I happen to be one of the guys that created a filmout at the Chicago event. I think you should not use the "filmout" preset at all. Instead use any of the supplied scene files at the top of this site in order to get your desired effect in camera that will transfer over to film nicely. Andrew Young is the resident guru on film transfer because his company (DuArt) does the process end to end.

In my experience with I (Cubed) the process was easy as long as I provided the images in the fasion they needed. I cut the 24p video on Liquid which outputs the exact format they need and without any rez/color robbing transcode to another format. In fact I was so impressed with how easy the process was (for me with my "editor" hat on) that I feel confident in the technical aspect of ProHD to film.

More projects seem to be on the horizon (for my group) that require the same film transfer techniques I've become familiar with. I can say that for a budget film maker, it is extremely hard to beat the HD-100 and ProHD as an off the shelf solution to low budget dramatics.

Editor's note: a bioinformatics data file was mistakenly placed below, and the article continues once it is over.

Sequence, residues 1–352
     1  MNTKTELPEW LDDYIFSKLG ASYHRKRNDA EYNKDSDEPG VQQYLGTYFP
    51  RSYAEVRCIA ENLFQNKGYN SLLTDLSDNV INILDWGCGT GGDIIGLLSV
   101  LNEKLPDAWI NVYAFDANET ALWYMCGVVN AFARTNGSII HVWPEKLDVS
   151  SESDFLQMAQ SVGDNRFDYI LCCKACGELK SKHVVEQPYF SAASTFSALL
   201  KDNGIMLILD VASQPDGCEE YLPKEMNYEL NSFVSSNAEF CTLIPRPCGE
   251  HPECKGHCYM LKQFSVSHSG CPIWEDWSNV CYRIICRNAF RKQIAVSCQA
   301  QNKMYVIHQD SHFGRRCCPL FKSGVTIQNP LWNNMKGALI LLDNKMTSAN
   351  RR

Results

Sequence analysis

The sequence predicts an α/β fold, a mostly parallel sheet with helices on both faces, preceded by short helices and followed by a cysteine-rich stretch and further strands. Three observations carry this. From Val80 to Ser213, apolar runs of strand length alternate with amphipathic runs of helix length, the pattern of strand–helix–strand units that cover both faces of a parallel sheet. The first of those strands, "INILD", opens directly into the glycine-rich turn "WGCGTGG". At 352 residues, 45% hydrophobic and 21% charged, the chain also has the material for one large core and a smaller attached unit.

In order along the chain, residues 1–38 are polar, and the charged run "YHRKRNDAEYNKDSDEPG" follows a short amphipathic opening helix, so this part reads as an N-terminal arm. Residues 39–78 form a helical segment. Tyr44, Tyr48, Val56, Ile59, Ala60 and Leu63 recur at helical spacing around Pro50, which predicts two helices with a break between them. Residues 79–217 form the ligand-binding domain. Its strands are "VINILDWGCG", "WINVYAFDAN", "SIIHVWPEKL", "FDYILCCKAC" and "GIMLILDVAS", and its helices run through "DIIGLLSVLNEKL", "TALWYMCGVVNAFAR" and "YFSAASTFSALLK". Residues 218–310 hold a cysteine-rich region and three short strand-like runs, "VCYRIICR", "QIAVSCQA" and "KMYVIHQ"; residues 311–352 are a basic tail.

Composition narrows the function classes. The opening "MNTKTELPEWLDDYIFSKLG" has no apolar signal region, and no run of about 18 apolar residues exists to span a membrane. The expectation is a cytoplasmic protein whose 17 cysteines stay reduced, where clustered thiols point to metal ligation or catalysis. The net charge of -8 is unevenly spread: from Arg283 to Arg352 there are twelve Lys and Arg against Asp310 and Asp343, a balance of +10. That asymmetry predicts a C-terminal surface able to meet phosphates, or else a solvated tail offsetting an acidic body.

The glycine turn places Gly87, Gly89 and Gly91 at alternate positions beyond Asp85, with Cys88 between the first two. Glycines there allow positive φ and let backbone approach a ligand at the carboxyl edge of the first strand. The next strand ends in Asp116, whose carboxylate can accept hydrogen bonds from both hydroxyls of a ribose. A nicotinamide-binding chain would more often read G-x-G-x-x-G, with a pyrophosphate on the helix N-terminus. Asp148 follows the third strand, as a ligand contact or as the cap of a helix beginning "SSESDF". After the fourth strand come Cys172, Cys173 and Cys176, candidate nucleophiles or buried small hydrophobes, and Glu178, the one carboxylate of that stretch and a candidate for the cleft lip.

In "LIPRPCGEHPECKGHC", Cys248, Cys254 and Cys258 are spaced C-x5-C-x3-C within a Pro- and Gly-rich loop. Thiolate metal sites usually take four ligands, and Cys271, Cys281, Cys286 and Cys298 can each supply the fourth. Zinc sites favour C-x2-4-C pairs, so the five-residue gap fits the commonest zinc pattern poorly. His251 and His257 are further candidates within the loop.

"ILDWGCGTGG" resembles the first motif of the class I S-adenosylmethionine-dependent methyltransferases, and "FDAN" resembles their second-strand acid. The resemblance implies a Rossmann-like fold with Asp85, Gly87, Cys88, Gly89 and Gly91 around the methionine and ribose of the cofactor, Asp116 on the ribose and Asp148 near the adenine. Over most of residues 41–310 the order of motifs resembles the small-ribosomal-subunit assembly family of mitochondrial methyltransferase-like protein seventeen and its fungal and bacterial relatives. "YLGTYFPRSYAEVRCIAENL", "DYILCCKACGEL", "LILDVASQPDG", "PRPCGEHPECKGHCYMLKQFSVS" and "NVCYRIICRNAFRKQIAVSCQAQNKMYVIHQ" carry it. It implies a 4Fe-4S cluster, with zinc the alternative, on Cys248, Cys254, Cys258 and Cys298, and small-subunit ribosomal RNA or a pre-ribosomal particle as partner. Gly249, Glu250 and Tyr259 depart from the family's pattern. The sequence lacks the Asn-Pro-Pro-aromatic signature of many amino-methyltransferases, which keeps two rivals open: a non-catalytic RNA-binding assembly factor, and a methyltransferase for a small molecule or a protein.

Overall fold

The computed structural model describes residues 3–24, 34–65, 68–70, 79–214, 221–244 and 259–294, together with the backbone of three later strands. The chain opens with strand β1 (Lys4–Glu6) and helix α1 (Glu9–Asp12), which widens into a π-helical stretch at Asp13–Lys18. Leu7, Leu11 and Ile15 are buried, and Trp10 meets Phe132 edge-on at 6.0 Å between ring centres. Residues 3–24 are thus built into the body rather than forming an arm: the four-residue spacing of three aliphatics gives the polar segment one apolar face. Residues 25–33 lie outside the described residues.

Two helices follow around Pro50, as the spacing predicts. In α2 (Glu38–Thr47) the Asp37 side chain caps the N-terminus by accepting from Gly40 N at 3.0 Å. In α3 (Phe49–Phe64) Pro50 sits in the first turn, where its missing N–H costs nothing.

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Old April 19th, 2006, 07:43 PM   #7
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Interesting. I've looked at the settings from Tim Dashwood and Paulo Ciccone and they're great. But , (speaking as a producer who's not a DP) wouldn't you use the film out setting if you plan on a great deal of post color correction/enhancement or is there something else about that setting that isn't the best for film out? And what does the film out do other than replicate film gammas (as I understand the term)? I'm sure I'll have more questions as we go through this process.

Anyway, the info is great and I need to budget a decent amount for film out tests.
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Old April 19th, 2006, 08:32 PM   #8
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Quote:
Originally Posted by David Parks
Interesting. I've looked at the settings from Tim Dashwood and Paulo Ciccone and they're great. But , (speaking as a producer who's not a DP) wouldn't you use the film out setting if you plan on a great deal of post color correction/enhancement or is there something else about that setting that isn't the best for film out? And what does the film out do other than replicate film gammas (as I understand the term)? I'm sure I'll have more questions as we go through this process.

Anyway, the info is great and I need to budget a decent amount for film out tests.
My understanding about the 'filmout' setting is that it was put in by request and the idea was to create a linear color curve in order to get the max lattitude for correction via the colorist or post in NLE, however, the filmout settings kills the black and grays and make it un-useable.